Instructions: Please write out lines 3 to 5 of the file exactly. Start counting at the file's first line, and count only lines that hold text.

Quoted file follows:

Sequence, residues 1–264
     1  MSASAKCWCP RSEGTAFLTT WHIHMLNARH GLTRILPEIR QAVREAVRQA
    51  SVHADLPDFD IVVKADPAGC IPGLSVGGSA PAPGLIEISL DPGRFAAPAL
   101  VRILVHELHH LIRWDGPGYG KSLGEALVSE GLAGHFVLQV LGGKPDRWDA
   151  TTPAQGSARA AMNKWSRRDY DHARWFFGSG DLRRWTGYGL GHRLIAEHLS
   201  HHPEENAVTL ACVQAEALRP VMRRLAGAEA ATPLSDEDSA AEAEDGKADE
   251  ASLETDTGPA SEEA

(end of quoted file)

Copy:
    51  SVHADLPDFD IVVKADPAGC IPGLSVGGSA PAPGLIEISL DPGRFAAPAL
   101  VRILVHELHH LIRWDGPGYG KSLGEALVSE GLAGHFVLQV LGGKPDRWDA
   151  TTPAQGSARA AMNKWSRRDY DHARWFFGSG DLRRWTGYGL GHRLIAEHLS